2019 Chevy Camaro Turbo 1LE: All you should know

The four-cylinder 2019 Chevy Camaro Turbo 1LE may be the track ready special.

The Execution

The Ridge Motorsports Park, typically often called “The Ridge,” is actually a 16-turn, 2.47 mile road course as well as being somewhat under couple of hours from Seattle.

We tap the traction control button twice to convert on “Competition Mode.” This activates the performance instrument readouts, shift lights and when you need to Files, the Performance Data Recorder. Those shift lights come in handy later…

The right off the bat you’ll notice about lapping the Turbo 1LE is the way simple and easy and approachable its. Ever since the rear wheels coping lower than 300 hp, you probably must try to get it beyond line when compared with an SS. That being the case, I had been wanting for more power quickly within the asphalt.

As I come screaming throughout the long carousel-like corner with the Ridge Motorsports Park in Washington state, the Turbo 1LE reveals itself being supremely balanced. Ed Oppenheiser, Camaro chief engineer, says Chevy could receive the weight distribution dangerously around 50/50 for the four-cylinder since there’s less weight out front.

Those shift lights inside heads-up display blink red at you about 6,000 rpm, and even for good reason. Beyond indeed, this will 7,000 rpm redline, but moreover, peak power is created at 5,600 rpm. This can be for the trail, however, when you’re trying to grip to 3rd gear rich in the rev range nearing a corner, the engine feels lifeless. A determination has to be made then. Either waste time shifting into fourth after which you can backpedal to 3rd with the corner, or have fun in the engine’s dead zone for another second or two and hope which had been the right choice.

For many tracks this wouldn’t be an issue, but it surely was really a constant struggle within the Ridge where several corners lay on that border. One amount of tech that makes me want to get that extra gear is Chevy’s “No-Lift Shift” function. Keep right foot pinned, slam the clutch in after which it throw it in the next gear without moving that right foot. You will need a couple of efforts to acclimate yourself to it, but it’s an enjoyable bit of tech for that track.

More engine talk – it’s quieter than only a GTI. Sure, it’s a four cylinder, yet this may be the 1LE. It must have a very aggressive-sounding exhaust. The condition was more apparent anytime a pack of 4 Turbos rolled on the front straight at full throttle but it was hardly noticeable above the wind.

Where the Turbo 1LE truly excels is in the handling. The 0.97g lateral grip rating quoted by Chevy feels every true. Not just is the mechanical grip there, though the controls predicts you also. It’s straightforward to tell once the grip is drained, and nearly as all to easy to make corrections in case a hint of gradual understeer sets out to creep in. The motor car turns in quickly when pointed, and roll is kept low along with the stiffened-up suspension components.

I did three consecutive sessions for approximately a couple of hours of on-track time total with not much of a burglary between sessions. Not used to the brakes fade or even just hint within the beginnings of fading. The pedal is stiff and gives up hard braking right on the top bar – a confidence inspiring quality.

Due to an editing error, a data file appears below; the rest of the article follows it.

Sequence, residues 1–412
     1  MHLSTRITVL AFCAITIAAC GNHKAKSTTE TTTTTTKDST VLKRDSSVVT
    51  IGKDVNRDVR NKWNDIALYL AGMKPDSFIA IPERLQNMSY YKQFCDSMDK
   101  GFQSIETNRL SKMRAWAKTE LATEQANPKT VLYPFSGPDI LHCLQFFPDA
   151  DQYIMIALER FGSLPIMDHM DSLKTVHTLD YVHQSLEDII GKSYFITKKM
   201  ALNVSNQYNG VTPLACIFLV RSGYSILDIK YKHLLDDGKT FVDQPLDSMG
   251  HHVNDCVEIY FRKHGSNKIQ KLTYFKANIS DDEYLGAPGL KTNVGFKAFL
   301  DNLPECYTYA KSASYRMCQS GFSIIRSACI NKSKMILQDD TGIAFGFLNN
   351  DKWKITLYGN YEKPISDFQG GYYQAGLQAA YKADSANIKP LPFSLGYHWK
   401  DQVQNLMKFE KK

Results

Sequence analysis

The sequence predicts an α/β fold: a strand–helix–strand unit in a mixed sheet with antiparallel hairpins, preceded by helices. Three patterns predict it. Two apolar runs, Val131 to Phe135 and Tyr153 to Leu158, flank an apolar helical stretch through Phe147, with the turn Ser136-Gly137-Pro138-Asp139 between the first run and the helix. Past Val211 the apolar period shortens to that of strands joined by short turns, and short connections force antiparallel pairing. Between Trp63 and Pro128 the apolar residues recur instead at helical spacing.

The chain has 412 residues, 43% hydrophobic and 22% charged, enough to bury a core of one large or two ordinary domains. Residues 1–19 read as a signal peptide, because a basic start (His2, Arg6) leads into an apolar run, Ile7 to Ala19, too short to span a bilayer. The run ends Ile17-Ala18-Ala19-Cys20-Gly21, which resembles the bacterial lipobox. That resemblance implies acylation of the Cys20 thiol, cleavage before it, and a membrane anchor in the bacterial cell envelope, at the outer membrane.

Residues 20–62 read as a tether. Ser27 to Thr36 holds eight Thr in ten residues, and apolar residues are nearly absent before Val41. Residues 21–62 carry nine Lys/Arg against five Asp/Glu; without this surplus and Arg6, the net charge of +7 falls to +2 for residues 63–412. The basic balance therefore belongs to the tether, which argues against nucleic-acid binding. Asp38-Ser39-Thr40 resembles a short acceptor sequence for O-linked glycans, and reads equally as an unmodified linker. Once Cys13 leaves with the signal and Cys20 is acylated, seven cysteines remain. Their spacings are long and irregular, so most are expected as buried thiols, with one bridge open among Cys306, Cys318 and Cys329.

After, we use the Turbo 1LE for a drive on some surface roads and the engine feels better. It gets remarkably good mileage driving on the road – 30 mpg. Here’s the hitch. The abysmal visibility hasn’t changed for several years in the Camaro, but that’s still no excuse based on how terrible it truly is. I’d quit the ridiculously high beltline and towering hood to really be aware of the road right in front and along with me – and you should too.

Also, our summer tires turned out to be a bit annoying in daily driving situations. The bigger contact patches develop a fair measure of road noise. But don’t worry that. Get it into the track every weekend because Chevy’s warranty extends to track days. That’s something useful, but take into account, your insurance still won’t purchase it. And don’t modify it, because that will void the initial warranty.


All of this added up screams introductory track car. Chevy even says it’s a wash regarding the V6 along with the four-cylinder for lap times at its Milford proving grounds. A local track’s results are different certainly. Your competition Chevy is stacking this car up against isn’t your normal Camaro competition either. It’s aiming to steal several sales from cars much like the Subaru WRX, Honda Civic Type R, Hyundai Veloster N as well as the VW Golf R. I like the though, but I’ll accept it as true while i view it.

Regardless in the competition, Oppenheiser says the 1LE program does greater than expected, pushing them into offering this less expensive option. At approximately $32,000 it comes up like a viable weapon for everyone trying to find a trusted track car within a strict budget. You’ll have comfort to push as hard as you desire to a result of the warranty, even so the small-ish engine remains a bit of a hang-up for me personally. For $1,500 more you will get the V6 with additional power, a gratifying rev band including a true muscle car yowl. It’s your choice.

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